I truly am a believer in hike your hike. But that doesn’t give someone the right to impose their hike on someone else’s. Loud music by its very nature imposes on others. As a society, we have rules of order and etiquette. It’s how millions of us reasonably get along without killing each other. We have traffic rules, and pedestrian rules, and etiquette rules dealing with waiting in line, going to a performance, and meeting the boss for dinner. Sure we can flaunt these rules if we want to and live any way we damn-well please. But generally, that doesn’t work out so well. The same thing in the backcountry. 

There might not be any laws against blasting music, but we do have a set of principles called Leave No Trace (LNT) that all of us who respect nature and recreate in nature responsibly subscribe to. And the seventh LNT rule is: Be considerate of others. That translates to me and most rational people as turn your music off — or at least wear headphones when heading into the backcountry. And you know what else that means? You’ll probably get a friendly nod or cheerful hello on the trail instead of a stare of discontent, an ill-wished muttering, or worse. 

Turn the phone off and you just might discover some new music you can groove to out there too. Because the hills are indeed alive with the sound of music. With songs they have sung for a thousand years. And none of those songs came from a Bluetooth speaker.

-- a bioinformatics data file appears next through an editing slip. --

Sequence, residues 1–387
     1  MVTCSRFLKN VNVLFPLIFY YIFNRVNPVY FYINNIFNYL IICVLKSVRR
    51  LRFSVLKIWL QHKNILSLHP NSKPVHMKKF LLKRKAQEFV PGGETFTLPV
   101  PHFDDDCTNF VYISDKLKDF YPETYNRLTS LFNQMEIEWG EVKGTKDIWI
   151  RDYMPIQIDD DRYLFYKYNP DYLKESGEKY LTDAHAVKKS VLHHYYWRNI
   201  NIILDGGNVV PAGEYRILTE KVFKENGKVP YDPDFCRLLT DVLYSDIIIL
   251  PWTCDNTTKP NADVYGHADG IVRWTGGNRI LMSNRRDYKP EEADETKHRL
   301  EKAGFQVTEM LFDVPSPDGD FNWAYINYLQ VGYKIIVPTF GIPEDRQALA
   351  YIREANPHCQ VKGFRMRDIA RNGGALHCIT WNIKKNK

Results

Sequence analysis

Craig Romano is an outdoors writer, photographer, and author and co-author of 17 books. His Columbia Highlands Exploring Washington’s Last Frontier was a 2010 Washington Reads book for its contribution to the state’s cultural heritage. He lives with his wife, son, and cat in Skagit County.

This article originally appeared in our spring 2017 issue of Mountaineer magazine. To view the original article in magazine form and read more stories from our publication, click here.

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Stephen Bobick
Stephen Bobick says:
Jan 24, 2017 01:13 PM

I have seen this at ski resorts too and it's just as obnoxious

SuJ'n Chon
SuJ'n Chon says:
Jan 24, 2017 10:00 PM

Yes, yes, yes! I've written to the Forest Service asking if there were any plans to add education at trailheads about noise pollution and amplified music (but alas, never received a response).

Liz Koenig
Liz Koenig says:
Jan 25, 2017 09:40 AM

I have been really annoyed by this too. Has anyone come up with an appropriate or polite way to talk to people about this on the trail? I feel like a buzzkill but also think they need to know what effect they are having.

Kim Couri
Kim Couri says:
Feb 01, 2017 12:14 PM

Fantastic article! I agree with your points and enjoyed the comedic angle as well. Thank you for sharing!

Barbara Willey
Barbara Willey says:
Feb 01, 2017 04:15 PM

Why oh why can't they use headphones?